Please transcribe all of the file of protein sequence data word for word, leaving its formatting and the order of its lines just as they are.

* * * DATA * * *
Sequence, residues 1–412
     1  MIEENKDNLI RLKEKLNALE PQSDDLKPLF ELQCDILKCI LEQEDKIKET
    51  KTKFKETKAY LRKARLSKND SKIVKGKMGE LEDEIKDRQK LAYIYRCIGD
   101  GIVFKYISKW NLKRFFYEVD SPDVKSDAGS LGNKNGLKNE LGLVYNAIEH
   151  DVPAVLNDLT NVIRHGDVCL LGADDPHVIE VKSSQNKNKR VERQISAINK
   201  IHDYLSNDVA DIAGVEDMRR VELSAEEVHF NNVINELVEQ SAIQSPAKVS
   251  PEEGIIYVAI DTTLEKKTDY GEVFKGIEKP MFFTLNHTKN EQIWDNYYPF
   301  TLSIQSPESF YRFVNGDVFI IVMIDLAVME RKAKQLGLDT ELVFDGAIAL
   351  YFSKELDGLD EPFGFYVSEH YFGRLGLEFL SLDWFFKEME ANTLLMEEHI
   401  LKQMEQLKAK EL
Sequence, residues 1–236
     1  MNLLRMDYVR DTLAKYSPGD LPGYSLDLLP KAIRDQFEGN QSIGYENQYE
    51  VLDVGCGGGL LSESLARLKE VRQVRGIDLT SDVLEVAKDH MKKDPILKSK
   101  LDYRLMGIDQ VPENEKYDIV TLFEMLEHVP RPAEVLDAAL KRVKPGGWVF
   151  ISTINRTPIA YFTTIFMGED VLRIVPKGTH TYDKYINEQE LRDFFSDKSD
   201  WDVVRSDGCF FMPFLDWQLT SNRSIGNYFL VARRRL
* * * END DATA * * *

Sequence, residues 1–412
     1  MIEENKDNLI RLKEKLNALE PQSDDLKPLF ELQCDILKCI LEQEDKIKET
    51  KTKFKETKAY LRKARLSKND SKIVKGKMGE LEDEIKDRQK LAYIYRCIGD
   101  GIVFKYISKW NLKRFFYEVD SPDVKSDAGS LGNKNGLKNE LGLVYNAIEH
   151  DVPAVLNDLT NVIRHGDVCL LGADDPHVIE VKSSQNKNKR VERQISAINK
   201  IHDYLSNDVA DIAGVEDMRR VELSAEEVHF NNVINELVEQ SAIQSPAKVS
   251  PEEGIIYVAI DTTLEKKTDY GEVFKGIEKP MFFTLNHTKN EQIWDNYYPF
   301  TLSIQSPESF YRFVNGDVFI IVMIDLAVME RKAKQLGLDT ELVFDGAIAL
   351  YFSKELDGLD EPFGFYVSEH YFGRLGLEFL SLDWFFKEME ANTLLMEEHI
   401  LKQMEQLKAK EL
Sequence, residues 1–236
     1  MNLLRMDYVR DTLAKYSPGD LPGYSLDLLP KAIRDQFEGN QSIGYENQYE
    51  VLDVGCGGGL LSESLARLKE VRQVRGIDLT SDVLEVAKDH MKKDPILKSK
   101  LDYRLMGIDQ VPENEKYDIV TLFEMLEHVP RPAEVLDAAL KRVKPGGWVF
   151  ISTINRTPIA YFTTIFMGED VLRIVPKGTH TYDKYINEQE LRDFFSDKSD
   201  WDVVRSDGCF FMPFLDWQLT SNRSIGNYFL VARRRL